Two dozen Baltimore officers charged with using excessive force on prisoners

Twenty-five Baltimore correctional officers on Tuesday were indicted on charges of excessive force on prisoners in state-run jails, the Associated Press reported.

Maryland corrections secretary Robert Green said during a press conference that the officers in question have been on administrative leave since 2018, which is when the state’s Department of Public Safety and Correctional Services began its investigation.

“This case represents our strong effort to root out people who don’t belong in the field where public safety and rehabilitation is the mission,” Green told the press.


“This is a disturbing case, but it does not represent nor should it cast a shadow on the commitment and integrity of the exceptional correctional professionals in this department.”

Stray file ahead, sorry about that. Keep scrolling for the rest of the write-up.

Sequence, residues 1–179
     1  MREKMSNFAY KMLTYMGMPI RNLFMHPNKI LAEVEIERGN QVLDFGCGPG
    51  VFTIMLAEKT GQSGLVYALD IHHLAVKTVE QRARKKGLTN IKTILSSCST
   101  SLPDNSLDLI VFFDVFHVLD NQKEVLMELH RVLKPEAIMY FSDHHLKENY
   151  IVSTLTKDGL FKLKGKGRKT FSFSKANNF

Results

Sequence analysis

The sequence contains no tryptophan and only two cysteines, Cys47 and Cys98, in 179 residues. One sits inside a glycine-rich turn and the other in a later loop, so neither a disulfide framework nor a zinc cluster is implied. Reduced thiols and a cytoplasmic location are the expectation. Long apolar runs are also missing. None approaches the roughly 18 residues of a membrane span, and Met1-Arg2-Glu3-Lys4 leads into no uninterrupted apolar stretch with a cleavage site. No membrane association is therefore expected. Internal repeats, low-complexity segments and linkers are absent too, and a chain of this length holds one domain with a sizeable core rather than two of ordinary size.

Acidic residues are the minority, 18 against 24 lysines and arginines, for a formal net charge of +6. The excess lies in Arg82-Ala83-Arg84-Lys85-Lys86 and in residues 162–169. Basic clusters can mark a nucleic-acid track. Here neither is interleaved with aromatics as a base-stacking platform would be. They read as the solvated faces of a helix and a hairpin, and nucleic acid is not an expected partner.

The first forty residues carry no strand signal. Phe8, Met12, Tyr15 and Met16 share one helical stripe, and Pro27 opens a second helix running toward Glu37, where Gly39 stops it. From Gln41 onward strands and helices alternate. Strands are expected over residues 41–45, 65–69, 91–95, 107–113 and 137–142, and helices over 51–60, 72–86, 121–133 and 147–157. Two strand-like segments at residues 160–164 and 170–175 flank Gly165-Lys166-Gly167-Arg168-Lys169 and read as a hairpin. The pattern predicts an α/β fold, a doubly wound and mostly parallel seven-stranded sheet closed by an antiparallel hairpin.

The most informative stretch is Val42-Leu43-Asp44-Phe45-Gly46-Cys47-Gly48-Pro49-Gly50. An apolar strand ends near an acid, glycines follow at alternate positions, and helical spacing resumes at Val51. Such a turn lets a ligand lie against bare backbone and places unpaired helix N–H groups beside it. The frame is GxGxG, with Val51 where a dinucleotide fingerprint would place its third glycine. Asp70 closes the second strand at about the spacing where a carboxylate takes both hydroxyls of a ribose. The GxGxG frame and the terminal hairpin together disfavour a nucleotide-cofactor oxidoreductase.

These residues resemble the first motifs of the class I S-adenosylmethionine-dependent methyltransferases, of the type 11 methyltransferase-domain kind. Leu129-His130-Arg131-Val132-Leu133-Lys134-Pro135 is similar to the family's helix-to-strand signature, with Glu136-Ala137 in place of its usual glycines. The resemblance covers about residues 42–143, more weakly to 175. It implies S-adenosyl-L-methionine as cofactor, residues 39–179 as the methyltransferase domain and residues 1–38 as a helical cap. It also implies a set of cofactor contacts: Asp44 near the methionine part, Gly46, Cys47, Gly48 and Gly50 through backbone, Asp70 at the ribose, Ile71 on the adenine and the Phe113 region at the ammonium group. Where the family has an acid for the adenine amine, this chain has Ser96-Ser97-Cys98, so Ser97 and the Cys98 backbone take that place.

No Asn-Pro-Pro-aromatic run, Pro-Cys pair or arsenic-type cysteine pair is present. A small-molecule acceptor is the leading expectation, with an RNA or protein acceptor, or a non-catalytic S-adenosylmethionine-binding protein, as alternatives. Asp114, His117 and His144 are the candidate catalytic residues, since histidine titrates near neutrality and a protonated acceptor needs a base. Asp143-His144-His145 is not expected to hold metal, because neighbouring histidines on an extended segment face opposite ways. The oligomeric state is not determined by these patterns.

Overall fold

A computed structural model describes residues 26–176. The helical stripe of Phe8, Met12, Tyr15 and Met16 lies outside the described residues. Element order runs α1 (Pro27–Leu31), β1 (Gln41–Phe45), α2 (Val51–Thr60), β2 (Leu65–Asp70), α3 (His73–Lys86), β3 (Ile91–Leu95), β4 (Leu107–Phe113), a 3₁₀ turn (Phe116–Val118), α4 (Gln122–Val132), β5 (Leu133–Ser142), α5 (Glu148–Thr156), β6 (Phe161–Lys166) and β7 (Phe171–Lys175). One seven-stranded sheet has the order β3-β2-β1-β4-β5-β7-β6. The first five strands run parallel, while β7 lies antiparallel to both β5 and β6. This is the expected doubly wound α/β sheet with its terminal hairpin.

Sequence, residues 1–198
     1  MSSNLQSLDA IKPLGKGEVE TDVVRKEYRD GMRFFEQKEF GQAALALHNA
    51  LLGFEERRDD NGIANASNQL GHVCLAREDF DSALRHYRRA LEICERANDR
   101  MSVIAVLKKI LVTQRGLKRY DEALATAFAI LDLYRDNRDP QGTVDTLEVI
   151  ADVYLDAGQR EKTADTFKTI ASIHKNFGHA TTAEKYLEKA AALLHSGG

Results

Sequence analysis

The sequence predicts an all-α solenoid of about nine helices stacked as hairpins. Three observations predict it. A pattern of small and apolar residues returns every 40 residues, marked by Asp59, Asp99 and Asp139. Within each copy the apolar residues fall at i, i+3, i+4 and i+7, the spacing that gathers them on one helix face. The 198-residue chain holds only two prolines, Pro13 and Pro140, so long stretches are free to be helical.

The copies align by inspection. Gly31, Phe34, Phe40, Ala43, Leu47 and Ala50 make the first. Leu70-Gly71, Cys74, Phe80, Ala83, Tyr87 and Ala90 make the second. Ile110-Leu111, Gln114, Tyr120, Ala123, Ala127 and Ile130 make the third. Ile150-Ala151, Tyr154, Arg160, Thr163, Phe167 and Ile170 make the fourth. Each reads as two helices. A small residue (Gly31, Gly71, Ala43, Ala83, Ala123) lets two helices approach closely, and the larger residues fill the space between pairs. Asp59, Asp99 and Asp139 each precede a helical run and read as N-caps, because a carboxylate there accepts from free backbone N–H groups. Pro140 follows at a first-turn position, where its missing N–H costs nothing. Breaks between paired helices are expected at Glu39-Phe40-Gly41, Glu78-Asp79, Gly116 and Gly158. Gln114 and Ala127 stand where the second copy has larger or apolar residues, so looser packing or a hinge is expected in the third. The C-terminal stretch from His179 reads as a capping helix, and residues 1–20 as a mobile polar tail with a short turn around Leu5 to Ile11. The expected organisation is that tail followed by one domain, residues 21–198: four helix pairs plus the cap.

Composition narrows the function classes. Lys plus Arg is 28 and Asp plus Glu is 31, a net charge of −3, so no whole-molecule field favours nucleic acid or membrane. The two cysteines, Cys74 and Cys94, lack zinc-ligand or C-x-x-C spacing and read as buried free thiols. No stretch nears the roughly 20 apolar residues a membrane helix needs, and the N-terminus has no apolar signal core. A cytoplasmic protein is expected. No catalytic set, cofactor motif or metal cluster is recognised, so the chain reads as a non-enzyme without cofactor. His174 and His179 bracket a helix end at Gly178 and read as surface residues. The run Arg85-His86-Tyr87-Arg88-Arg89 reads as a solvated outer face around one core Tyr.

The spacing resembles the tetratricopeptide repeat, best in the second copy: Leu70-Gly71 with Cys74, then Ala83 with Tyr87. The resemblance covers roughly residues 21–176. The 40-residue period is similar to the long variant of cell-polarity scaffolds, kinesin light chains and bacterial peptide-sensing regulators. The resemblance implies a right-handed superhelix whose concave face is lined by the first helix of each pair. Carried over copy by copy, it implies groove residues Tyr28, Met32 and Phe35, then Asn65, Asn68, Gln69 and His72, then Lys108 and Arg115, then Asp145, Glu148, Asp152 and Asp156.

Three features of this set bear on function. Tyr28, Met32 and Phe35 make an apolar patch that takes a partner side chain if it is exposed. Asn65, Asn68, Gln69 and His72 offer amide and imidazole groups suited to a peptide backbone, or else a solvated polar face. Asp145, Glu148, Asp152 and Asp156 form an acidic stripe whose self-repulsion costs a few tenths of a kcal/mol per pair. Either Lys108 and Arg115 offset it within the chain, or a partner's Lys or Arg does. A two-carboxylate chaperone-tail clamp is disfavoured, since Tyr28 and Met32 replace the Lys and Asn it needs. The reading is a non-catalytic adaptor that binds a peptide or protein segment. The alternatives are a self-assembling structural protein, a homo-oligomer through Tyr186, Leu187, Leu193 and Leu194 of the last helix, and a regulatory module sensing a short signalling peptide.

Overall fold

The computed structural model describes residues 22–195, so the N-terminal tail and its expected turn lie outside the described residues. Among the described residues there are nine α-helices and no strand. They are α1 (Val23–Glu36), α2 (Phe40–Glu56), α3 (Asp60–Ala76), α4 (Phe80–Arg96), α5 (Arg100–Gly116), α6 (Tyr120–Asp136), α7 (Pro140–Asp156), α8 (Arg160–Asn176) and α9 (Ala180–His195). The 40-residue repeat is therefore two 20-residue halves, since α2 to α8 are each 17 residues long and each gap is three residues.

According to Baltimore City State’s Attorney Marilyn Mosby, the indicted officers have been accused of assaulting and threatening inmates, tampering with evidence and falsifying documents.

“Our correctional officers have one of the most difficult jobs in all of public safety, and we will not let the criminal behavior of the few tarnish the great work of the nearly 5,000 dedicated officers who serve with distinction every single day,” Gov. Larry Hogan (R) said in a statement.

Baltimore’s prison system has a history of being fraught with poor conditions, mistreatment and corruption.

In 2013, an intricate smuggling ring was exposed inside the Baltimore City Detention Center that consisted of both inmates and officers. Further investigation revealed that a gang leader inside of the jail had impregnated four female guards, the AP says.

Additionally, in the press conference, Mosby said that 21 of the 25 indicted officers had been taken into custody. 

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